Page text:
Leon Aigret <email@example.com> might have writ, in news:firstname.lastname@example.org:
> The AB^t = 0 condition translates to the requirement that MS^t is both > its own transpose and its own inverse, with drastic consequences for > its eigenvectors and eigenvalues.
This is the essential point, and leads directly to the unique parametric form I sought. Do such matrixes, which are both symmetric and orthogonal, arise often?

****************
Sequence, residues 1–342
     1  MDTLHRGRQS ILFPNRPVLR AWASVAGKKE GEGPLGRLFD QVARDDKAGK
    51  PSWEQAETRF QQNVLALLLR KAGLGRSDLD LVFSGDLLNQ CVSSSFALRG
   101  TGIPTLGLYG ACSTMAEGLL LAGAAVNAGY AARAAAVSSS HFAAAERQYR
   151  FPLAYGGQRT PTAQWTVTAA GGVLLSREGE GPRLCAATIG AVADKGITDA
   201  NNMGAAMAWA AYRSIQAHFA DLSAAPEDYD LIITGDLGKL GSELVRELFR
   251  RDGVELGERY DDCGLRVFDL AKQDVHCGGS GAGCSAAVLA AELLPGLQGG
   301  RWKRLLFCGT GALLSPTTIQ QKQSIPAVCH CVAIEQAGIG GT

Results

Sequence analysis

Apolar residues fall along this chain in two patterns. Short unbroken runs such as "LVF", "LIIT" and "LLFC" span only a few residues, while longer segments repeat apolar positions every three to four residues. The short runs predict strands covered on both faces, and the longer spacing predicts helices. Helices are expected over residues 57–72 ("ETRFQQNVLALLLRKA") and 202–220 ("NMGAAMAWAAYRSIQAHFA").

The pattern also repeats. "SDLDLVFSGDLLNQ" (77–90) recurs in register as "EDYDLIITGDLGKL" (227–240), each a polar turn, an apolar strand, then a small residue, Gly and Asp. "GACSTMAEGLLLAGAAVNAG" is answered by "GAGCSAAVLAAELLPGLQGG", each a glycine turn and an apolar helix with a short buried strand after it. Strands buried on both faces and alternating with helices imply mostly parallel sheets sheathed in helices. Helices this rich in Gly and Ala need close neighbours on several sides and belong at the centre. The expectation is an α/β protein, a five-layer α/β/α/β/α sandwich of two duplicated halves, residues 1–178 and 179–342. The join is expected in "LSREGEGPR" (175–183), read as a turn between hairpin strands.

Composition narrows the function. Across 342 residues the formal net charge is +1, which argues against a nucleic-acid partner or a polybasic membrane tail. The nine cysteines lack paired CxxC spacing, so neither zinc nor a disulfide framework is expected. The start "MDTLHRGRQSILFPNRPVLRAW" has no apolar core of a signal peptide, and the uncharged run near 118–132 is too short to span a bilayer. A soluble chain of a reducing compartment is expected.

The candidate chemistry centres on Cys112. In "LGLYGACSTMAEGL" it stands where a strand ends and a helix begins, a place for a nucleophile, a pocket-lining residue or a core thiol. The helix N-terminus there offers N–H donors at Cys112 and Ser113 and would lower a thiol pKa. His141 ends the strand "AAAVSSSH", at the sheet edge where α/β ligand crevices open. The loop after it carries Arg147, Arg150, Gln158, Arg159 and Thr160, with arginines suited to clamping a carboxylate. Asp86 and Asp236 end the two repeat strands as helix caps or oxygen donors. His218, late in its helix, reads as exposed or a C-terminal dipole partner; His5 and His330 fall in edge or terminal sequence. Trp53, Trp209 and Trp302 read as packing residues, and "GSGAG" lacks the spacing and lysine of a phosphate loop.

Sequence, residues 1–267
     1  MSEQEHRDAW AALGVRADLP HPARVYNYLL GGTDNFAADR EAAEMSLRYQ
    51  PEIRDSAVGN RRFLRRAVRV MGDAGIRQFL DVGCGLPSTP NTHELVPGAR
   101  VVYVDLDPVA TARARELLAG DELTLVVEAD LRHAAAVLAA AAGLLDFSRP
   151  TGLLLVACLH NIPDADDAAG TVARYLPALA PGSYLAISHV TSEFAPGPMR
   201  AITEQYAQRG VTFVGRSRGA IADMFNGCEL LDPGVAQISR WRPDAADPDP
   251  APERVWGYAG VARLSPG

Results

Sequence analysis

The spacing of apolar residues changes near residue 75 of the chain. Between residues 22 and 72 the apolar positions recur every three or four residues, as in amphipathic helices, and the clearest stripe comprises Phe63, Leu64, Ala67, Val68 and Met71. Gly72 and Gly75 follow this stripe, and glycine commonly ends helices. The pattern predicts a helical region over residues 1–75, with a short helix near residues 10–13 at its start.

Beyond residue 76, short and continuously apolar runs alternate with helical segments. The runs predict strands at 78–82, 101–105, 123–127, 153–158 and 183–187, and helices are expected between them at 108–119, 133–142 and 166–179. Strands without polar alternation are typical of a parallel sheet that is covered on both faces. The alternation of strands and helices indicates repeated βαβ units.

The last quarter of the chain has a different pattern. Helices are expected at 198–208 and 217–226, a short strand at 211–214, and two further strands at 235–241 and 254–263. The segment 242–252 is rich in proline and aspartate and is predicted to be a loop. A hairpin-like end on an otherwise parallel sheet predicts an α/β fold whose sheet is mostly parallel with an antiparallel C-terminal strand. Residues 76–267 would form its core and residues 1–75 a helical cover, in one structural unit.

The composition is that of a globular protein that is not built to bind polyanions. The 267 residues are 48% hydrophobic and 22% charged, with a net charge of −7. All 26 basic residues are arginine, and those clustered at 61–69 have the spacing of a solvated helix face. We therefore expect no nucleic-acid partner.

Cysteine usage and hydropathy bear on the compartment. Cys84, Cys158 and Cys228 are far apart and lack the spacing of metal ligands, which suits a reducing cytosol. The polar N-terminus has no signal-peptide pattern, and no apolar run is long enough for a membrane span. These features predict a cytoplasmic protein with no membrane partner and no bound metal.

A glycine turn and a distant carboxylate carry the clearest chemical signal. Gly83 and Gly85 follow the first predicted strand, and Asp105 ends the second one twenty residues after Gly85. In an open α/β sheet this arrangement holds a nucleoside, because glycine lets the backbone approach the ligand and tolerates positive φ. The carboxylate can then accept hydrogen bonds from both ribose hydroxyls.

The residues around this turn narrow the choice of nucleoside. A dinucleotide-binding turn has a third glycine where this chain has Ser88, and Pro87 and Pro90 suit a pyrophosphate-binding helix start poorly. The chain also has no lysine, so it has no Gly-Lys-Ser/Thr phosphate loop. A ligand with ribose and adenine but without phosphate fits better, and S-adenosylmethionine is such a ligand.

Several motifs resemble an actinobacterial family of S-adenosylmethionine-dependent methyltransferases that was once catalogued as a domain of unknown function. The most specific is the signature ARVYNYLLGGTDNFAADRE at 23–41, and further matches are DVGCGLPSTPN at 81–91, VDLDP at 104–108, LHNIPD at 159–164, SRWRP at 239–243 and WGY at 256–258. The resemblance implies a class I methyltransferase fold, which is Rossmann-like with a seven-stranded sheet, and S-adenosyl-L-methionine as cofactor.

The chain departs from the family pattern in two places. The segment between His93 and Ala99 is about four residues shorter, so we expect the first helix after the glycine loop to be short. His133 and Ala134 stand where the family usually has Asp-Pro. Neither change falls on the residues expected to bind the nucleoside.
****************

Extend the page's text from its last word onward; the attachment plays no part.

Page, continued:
The other evening, trying to sleep, I picked up an unpublished 47-page 1993 paper, where Theorems 12 and 13 derive complicated trigonometric epxressions for the optimally compacting such "lapped" transforms. But it took a while to prove the Theorem 1 I'd proven 20 years earlier, and asked for in this thread. The only hint the paper gave was "From the definition we easily derive the following theorem." ::whack::